A few days ago, I was sitting in a dentist’s chair furtively reading a biography of William Shakespeare. I was embarrassed when the assistant noticed. Who reads about Shakespeare in a dentist’s office on Winter Break? She went on to talk about her own love of this great English playwright and poet. She told me she had a teacher in her senior year of high school (1997) who opened up the world of Shakespeare for her.
Our enthusiastic conversation confirmed what I already knew: the difference between people who love Shakespeare and people who don’t… is a teacher. It was true for me. In the eighth grade, my English teacher was a British-born Israeli named Judith Morcades. It was her contagious love of Shakespeare that gave me my membership into the “Shakespeare Club.” Because of teachers like Ms. Morcades, Shakespeare is not intimidating; Shakespeare is joy.
Stephan Greenblatt, a Shakespeare scholar at Harvard, begins his wonderful award-winning book, Will in the World, with these words, “Let us imagine…” I love this. Shakespeare scholars work with a finite number of facts. The facts are arranged and rearranged and gently folded into informed imagination. This is how we recover, rebuild, and restore Shakespeare’s world to better understand the man who wrote the plays.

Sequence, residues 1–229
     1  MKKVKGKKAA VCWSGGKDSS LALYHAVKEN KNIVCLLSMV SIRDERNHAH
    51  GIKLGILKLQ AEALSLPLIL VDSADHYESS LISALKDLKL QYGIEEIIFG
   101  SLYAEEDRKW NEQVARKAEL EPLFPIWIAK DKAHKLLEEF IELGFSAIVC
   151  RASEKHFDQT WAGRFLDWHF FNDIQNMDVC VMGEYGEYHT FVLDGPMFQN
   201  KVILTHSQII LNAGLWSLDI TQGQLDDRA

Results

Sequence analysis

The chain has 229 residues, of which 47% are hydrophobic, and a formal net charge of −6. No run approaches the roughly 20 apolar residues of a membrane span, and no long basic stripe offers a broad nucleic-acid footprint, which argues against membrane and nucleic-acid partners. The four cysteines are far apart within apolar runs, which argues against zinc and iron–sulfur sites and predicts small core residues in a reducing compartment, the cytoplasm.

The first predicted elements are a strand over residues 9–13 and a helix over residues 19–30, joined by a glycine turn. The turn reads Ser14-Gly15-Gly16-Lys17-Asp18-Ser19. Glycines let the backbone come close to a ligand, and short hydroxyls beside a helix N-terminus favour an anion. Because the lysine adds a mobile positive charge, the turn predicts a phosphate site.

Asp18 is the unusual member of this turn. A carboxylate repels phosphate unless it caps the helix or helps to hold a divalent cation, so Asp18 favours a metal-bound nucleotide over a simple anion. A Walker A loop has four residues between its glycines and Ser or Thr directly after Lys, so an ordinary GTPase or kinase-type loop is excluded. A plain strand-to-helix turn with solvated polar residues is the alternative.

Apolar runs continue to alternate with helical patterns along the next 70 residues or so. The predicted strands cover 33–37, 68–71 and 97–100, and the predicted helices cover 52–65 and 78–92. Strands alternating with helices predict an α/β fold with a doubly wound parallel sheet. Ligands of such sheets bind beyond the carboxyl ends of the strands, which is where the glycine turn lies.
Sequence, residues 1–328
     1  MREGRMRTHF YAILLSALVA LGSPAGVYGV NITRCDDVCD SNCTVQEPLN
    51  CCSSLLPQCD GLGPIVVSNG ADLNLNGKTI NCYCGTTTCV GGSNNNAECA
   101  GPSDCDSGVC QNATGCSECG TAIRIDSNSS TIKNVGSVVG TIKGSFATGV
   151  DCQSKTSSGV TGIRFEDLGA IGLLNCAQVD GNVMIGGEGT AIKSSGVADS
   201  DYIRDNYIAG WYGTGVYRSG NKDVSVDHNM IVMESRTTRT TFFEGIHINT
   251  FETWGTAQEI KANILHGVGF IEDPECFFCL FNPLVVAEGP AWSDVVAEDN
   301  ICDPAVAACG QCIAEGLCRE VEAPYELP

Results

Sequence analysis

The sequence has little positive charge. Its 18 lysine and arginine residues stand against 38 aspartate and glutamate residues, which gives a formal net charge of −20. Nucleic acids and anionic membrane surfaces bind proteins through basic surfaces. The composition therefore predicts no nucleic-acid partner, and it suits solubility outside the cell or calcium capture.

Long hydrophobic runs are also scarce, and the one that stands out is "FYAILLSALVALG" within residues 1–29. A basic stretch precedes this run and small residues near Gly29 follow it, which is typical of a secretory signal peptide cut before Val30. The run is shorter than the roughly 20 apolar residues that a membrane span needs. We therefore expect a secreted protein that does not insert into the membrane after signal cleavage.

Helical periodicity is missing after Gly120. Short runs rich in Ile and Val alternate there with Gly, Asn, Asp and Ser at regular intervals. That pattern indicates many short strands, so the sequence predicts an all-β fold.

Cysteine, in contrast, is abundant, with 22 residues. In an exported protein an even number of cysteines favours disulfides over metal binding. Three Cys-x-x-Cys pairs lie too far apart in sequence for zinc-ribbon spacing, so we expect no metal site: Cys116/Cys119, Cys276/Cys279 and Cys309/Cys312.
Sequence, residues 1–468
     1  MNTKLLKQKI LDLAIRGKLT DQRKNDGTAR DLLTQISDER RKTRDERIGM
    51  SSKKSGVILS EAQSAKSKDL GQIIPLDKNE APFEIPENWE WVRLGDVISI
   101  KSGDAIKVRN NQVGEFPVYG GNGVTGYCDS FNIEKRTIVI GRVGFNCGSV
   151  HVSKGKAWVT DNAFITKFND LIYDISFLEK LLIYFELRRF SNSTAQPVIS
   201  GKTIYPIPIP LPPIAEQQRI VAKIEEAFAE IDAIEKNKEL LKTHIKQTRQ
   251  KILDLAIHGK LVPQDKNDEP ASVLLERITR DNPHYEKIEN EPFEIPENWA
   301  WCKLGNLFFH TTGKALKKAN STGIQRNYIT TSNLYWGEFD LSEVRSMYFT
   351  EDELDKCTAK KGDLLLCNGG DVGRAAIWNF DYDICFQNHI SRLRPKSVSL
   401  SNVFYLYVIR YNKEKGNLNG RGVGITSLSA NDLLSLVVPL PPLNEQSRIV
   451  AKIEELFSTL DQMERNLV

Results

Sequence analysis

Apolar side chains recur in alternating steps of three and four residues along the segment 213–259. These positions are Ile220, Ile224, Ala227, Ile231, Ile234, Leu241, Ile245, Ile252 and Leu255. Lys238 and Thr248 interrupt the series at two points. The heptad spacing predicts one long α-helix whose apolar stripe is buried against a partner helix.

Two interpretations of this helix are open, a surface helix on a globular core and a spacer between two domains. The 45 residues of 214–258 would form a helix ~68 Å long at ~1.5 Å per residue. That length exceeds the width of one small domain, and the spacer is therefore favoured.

I lead into Shakespeare with an economics unit. We’ll start before Shakespeare was born. In the hustle and bustle of Medieval trade on London Bridge, at the Market Fair that Chaucer’s pilgrims might have seen at Canterbury Cathedral, and at a Medieval Feast like the one that might have been prepared at Macbeth’s castle, we’ll learn the vocabulary of economics.
We will read the folktales that Shakespeare might have heard and we’ll recite the street rhymes of tradesmen that Shakespeare might have known by heart. We’ll sing songs that he may have sung, and dance to music to which he might have danced. We’ll research his theater, his clothes, his food. We will get to know the characters in his plays, and then we will be the characters in his plays. We will imagine his life.. Shakespeare would forgive us this. He was all about the imagination. His theater, The Globe, was a treasure house for the imagination.
Every now and then a scholar hypothesizes that Shakespeare did not write the plays we think he did. I’ve read the theories, but for my purposes the plays were written by the son of a glover who was known to his friends as Will. That’s my story and I’m sticking to it.
This is the best way I know to invite my students into the Shakespeare Club.. You come, too. Let us imagine..